Supreme Court case puts Second Amendment groups in a bind

Second Amendment


WASHINGTON – Zackey Rahimi’s legal troubles began in 2019 when he pulled out a gun and fired at a passerby who witnessed him dragging his girlfriend through a parking lot.


Months later, after getting into an accident, Rahimi repeatedly shot at the other driver, court records show. A year later, he threatened another woman with a gun and was charged with aggravated assault. In 2021, he fired several times into the air after a friend’s credit card was declined at a burger joint near Fort Worth, Texas.

Rahimi’s case is now before the Supreme Court in a blockbuster Second Amendment challenge that may prove especially thorny for the gun lobby and the court’s conservative wing. That’s because Rahimi is challenging his conviction under a federal law that bars Americans who are subject to restraining orders from owning guns.

“The facts of this case make it really unpalatable for them to have to stand up and say, ‘No, we believe that domestic abusers have a Second Amendment right to their firearms,'” said Nick Suplina, senior vice president for law and policy at Everytown for Gun Safety. “Politically speaking, that’s deeply unpopular.”

Some gun rights groups pushed back on that characterization, arguing that even if Rahimi himself is an unsympathetic figure, the federal law is still inconsistent in their view with the Second Amendment. Rahimi, they say, could have gone to jail for any number of other crimes.

‘Hardly a model citizen’: A test of new Supreme Court standard

As part of his challenge, Rahimi is relying on a standard the Supreme Court set last year that makes it easier for Americans to keep their guns.

In a 6-3 opinion invalidating a New York gun licensing law, the court’s conservative majority ruled that gun regulations must be “consistent with this nation’s historical tradition of firearm regulation” to survive court challenges. That has set off a flurry of research by gun control advocates to find regulations from the nation’s founding era that a court may view as analogous to a modern-day gun prohibition.

Rahimi, in essence, argues that because there was no regulation that banned guns from people subject to restraining orders at the time of the nation’s founding, the federal law that prohibits that ownership today must fall. A federal appeals court in New Orleans sided with Rahimi in March, acknowledging he was “hardly a model citizen” but ruling that the law prohibiting him from owning a gun is an “outlier that our ancestors would never have accepted.”

The Biden administration appealed to the Supreme Court, which agreed late last month to hear the case.

Arguments will likely take place in the fall.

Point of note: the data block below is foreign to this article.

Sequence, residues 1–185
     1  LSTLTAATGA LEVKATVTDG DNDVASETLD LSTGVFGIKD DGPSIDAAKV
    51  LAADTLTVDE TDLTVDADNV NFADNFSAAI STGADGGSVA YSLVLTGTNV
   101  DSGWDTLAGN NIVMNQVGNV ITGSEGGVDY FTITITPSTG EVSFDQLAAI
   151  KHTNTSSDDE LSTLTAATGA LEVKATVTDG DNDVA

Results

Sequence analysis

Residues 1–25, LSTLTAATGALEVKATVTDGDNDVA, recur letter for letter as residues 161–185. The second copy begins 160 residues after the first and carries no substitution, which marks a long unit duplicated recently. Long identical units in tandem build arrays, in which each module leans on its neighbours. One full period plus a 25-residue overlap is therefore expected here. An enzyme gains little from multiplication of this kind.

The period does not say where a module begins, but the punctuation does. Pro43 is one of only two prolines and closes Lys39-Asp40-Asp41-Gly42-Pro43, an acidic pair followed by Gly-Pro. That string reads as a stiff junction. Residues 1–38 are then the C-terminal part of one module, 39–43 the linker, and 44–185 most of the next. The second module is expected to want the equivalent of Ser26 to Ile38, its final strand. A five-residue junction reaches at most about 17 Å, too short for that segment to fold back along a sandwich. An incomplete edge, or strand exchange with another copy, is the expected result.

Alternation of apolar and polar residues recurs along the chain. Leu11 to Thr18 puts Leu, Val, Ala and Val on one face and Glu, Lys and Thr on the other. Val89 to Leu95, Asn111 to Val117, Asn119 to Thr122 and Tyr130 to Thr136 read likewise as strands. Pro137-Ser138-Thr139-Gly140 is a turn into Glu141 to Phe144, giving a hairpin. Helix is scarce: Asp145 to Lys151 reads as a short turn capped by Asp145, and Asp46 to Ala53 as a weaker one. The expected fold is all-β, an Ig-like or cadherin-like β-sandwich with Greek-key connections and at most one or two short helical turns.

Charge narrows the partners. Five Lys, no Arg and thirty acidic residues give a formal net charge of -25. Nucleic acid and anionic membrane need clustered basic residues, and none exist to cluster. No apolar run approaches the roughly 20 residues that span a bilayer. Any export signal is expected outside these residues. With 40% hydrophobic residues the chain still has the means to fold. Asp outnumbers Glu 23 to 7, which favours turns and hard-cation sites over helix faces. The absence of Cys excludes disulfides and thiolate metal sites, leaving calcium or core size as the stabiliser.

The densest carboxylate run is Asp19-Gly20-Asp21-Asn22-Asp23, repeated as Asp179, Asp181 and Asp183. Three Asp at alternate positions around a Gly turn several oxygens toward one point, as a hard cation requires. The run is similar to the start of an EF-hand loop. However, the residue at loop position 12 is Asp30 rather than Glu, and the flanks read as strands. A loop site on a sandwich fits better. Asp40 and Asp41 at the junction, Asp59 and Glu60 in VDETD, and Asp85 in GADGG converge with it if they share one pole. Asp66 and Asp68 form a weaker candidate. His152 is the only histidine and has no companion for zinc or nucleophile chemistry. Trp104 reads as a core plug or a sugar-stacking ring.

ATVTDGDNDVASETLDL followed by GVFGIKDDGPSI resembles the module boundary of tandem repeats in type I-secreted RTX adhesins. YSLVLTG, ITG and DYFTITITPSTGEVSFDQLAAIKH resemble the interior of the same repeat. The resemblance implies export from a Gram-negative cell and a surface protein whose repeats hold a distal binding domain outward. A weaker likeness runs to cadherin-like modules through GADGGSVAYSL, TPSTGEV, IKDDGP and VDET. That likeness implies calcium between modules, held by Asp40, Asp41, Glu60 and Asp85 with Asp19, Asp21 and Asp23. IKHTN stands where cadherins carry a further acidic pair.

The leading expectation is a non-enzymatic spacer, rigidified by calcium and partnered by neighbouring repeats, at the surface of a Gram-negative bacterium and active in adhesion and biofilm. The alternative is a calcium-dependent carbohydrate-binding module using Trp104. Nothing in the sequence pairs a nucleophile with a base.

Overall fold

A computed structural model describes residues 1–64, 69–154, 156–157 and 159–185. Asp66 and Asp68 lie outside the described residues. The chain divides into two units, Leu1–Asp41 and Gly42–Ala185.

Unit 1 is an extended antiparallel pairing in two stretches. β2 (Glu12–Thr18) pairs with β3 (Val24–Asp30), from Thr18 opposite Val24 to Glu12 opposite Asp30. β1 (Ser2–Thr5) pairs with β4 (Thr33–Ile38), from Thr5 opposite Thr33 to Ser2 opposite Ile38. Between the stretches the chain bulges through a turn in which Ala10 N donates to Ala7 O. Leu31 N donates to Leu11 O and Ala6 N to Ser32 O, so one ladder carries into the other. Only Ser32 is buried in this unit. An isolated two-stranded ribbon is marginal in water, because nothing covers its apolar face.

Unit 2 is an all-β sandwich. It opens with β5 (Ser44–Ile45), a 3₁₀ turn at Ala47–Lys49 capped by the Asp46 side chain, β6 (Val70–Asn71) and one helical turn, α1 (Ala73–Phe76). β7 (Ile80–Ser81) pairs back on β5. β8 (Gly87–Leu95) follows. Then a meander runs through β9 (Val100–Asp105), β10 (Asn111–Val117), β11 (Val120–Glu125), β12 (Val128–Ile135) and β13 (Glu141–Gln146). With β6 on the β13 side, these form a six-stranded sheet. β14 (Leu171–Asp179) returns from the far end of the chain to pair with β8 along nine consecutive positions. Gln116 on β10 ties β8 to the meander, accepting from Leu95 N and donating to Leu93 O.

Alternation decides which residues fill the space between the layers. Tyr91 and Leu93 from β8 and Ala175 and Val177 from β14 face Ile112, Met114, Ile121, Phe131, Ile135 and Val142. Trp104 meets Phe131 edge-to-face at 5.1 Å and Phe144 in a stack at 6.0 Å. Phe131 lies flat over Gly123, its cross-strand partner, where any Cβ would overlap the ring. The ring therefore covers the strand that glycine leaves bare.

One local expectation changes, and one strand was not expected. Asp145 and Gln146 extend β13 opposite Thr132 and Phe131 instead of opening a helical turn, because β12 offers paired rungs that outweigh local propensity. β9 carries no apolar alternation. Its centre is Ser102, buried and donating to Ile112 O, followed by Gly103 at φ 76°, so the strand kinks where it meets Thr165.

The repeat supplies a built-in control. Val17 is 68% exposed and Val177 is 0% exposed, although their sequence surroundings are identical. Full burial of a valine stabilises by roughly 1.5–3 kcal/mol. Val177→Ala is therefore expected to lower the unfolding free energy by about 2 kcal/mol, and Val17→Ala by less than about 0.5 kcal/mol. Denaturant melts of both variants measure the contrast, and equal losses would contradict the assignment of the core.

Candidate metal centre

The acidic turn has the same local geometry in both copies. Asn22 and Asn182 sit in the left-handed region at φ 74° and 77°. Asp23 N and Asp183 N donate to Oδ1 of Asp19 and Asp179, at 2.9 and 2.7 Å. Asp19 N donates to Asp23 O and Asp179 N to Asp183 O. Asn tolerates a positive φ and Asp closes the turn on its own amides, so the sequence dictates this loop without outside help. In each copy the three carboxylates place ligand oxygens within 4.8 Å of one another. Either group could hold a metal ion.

“In some ways Rahimi…is the best case for gun safety advocates,” said Adam Winkler, a law professor at UCLA and a Second Amendment expert. “The justices are going to be understandably reluctant to say that domestic abusers have a right under the Second Amendment to possess firearms.”

Federal law also generally prohibits people from possessing firearms if they have been convicted of a felony, are in the country illegally or have been dishonorably discharged from the military. In 2021, the Supreme Court let stand a series of lower court rulings that prohibited people convicted of driving under the influence, making false statements on tax returns and selling counterfeit cassette tapes from owning a gun.

Muted response from major gun groups

That may also explain why the National Rifle Association, which sought the new standard, has been mostly silent about the case so far. Neither the NRA nor the Firearms Policy Coalition filed amicus briefs when the case was on appeal. And neither responded to multiple requests for comment. 

Rahimi is represented by a federal public defender in Texas. That office declined to comment.  

Alan Gottlieb, founder of the Second Amendment Foundation, said that his group intends to weigh into the case with a brief at the Supreme Court.

“While we are not sympathetic to the plaintiff in this case the law being challenged has constitutional problems,” Gottlieb said. “Sometimes it takes bad plaintiffs (to) make good case law.”

Erich Pratt, senior vice president of Gun Owners of America, said that his group is “thrilled” the Supreme Court agreed to decide the case.

“If someone is dangerous enough that society can’t trust them with a gun, they should be behind bars − it’s that simple,” Pratt said. “But this law disarms non-violent people who have never been convicted of a crime.”

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